We spun round as a great reverberating tattoo began overhead. Our fur was blown back as a huge dual-rotor helicopter flew past less than fifty feet above us. It swooped down into the valley, in the direction of the village.
Zephyr and I ran back across the road, so that we could look down upon the village and see what was going on. Other such helicopters were now already down there, landing in fields behind the houses. Meanwhile, soldiers were piling out of trucks near the village hall.
Worst of all though, men just like the one who dognapped me were walking up and down the high street. Even at a distance their dreaded white plastic suits and face masks were unmistakeable. Several of their despicable white vans followed them down the road as they patrolled it.
“Chester, I think those men took you away for a reason,” Zephyr said gravely. “This disease that killed my family, and everyone else, must be carried by dogs. Those men wanted to study you to find a cure, or quarantine you until the threat was over. Or possibly just to…”
She couldn’t finish, but she didn’t need to. I understood what she implied.
“I wouldn’t even be surprised if the van crashed because the driver was infected,” continued Zephyr. “Chester, if you go down into the valley, you’d be putting your family at risk, if they’re not sick or dead already.”
I howled in anguish, still refusing to give up hope.
“This can’t be right,” I protested. “If we carried this disease, why aren’t we dying?”
“Maybe it affects humans quicker,” Zephyr shrugged, “Or simply passes us over. Either way, we can’t take any chances. Chester… you can’t go home.”
It wasn’t fair. Had I trekked over the moor for two nights and days, through mist, rain and perishing cold, only to find I couldn’t go back to Gerald and Tessa? Or Becky? This just couldn’t be real.
“Every good dog is loyal to his family, Chester,” Zephyr said sadly. “But right now, that means you must stay away from them. Completely. We need to go out onto the moors and stay well away from any human until this dies down. Or better yet, we need to find one of those vans so they can take us back and study us so…”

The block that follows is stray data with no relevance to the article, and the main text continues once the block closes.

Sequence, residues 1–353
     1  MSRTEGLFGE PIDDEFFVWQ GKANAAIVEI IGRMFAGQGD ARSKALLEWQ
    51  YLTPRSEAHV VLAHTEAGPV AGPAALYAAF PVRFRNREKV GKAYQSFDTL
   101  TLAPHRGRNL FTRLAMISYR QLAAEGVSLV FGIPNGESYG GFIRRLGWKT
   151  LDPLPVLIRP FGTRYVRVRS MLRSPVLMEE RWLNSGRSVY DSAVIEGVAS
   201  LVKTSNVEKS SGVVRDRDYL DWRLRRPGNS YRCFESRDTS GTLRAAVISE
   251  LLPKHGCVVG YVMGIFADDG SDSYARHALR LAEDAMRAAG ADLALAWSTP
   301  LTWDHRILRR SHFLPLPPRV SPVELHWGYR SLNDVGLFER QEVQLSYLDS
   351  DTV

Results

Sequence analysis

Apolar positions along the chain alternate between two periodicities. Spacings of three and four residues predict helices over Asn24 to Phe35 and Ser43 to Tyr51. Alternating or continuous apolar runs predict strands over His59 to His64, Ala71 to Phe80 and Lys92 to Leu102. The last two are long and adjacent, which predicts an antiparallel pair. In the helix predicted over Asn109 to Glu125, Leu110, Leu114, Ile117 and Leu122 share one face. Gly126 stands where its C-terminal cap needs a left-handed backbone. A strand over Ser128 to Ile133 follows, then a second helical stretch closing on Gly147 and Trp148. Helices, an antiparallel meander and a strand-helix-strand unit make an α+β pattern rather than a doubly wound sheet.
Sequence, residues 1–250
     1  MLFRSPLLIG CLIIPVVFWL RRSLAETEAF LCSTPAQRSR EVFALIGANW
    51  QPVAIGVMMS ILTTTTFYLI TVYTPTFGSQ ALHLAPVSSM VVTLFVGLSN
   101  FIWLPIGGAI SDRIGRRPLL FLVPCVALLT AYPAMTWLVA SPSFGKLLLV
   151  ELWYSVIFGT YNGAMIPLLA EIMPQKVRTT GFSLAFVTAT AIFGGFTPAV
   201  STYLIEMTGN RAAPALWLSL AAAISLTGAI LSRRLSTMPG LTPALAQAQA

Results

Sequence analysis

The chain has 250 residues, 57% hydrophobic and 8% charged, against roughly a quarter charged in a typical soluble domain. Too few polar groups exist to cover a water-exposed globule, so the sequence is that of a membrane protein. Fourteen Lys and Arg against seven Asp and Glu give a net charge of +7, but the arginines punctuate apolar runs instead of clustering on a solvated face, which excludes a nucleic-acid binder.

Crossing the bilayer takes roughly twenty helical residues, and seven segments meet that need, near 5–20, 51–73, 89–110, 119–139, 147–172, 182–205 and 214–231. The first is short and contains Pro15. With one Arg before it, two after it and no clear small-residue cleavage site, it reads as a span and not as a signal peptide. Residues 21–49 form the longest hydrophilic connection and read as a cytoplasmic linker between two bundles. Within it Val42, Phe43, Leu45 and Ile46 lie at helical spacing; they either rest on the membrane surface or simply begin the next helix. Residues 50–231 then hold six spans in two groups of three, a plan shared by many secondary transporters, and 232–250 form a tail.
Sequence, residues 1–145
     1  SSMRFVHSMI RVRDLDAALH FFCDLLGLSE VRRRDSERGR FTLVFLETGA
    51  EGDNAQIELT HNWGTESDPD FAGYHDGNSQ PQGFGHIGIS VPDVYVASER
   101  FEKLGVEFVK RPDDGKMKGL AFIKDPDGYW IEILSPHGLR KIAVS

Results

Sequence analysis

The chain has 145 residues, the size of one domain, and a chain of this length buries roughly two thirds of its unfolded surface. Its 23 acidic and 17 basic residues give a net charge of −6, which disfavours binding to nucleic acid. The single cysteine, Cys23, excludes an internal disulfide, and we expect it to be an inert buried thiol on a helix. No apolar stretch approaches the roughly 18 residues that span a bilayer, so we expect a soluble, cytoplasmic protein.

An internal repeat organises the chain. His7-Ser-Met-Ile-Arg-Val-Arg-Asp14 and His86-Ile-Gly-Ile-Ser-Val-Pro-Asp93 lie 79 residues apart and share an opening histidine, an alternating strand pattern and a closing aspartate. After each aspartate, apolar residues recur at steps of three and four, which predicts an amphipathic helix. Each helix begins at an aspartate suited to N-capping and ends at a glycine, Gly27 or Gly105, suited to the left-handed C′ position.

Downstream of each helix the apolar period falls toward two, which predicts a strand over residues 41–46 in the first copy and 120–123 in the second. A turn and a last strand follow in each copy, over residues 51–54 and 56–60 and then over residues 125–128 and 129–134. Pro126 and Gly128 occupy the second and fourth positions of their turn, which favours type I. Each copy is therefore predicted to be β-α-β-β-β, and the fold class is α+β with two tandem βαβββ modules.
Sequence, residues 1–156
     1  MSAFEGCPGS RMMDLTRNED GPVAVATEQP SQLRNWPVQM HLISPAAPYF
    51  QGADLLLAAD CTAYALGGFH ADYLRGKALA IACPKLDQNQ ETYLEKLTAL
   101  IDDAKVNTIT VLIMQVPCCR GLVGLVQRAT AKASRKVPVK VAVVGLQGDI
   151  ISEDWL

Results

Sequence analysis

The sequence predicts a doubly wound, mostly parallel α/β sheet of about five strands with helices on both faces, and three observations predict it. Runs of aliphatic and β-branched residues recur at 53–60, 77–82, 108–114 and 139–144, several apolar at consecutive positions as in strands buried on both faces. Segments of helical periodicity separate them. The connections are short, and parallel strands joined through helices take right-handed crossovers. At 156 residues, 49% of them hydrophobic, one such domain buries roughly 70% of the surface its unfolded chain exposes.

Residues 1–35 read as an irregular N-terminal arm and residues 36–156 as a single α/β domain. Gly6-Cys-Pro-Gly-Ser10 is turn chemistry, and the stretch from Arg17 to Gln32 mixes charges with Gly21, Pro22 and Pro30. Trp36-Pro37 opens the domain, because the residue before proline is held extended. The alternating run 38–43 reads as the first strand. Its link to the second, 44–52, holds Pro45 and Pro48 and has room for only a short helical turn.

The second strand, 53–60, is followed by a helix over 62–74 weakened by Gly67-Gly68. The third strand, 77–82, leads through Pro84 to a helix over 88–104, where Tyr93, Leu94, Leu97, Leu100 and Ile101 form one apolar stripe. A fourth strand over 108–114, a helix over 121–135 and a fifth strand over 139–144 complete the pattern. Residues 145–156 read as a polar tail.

My heart burned with fiery anger. How dare Zephyr suggest that I put myself back into captivity! I was so close to home now, so close, and yet…
And yet Zephyr looked at me so earnestly I couldn’t contradict her. And however hard it wrenched at my soul, I knew deep within she was talking sense.
I hung my head.
“What now, Zephyr?”

Full Moon Fun (A Flash Fiction tale)

Yes, I should have added more to this blog ages ago, but now here’s an amusing little narrative about a prank that has a stronger impact than the joker intended.

Somewhere in the Great Smoky Mountains, night had fallen on the campsite where the Yates family of Philadelphia were staying.  It was a fabulously clear night with a moon as round and bright as it could be.  Chris Yates was making a fire while his sons, Fraser and Tyler, were at the edge of the clearing playing tag.

“You fellahs better come back to the campfire,” Shelley Yates told her boys, as she finished washing the dinner plates.  “We’re about to start singin’ songs.  Plus, ya don’t wanna be too near them woods with werewolves about tonight.”

“Don’t be stupid, Mom,” Fraser complained.  “They don’t exist.”

“Yeah, Mom,” Tyler agreed.  “The ranger told us to watch out for bears, not werewolves.”

“I’m not takin’ any chances, Fraser,” Shelley warned.  “Now stay a bit closer to the lights, where we can see ya.”

Suddenly, a piercing shriek rent the night.  Everybody’s blood ran cold and they turned as one towards where the tents were set up.  One of them had walls that were rippling and flapping madly, as though a devilish struggle was going on inside.